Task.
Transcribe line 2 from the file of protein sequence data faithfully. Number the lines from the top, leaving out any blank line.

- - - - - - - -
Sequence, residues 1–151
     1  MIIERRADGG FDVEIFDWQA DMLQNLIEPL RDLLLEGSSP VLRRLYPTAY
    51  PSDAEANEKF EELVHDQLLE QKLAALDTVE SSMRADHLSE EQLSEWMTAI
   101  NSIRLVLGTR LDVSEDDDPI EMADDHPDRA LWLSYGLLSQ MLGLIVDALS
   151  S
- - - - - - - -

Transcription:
     1  MIIERRADGG FDVEIFDWQA DMLQNLIEPL RDLLLEGSSP VLRRLYPTAY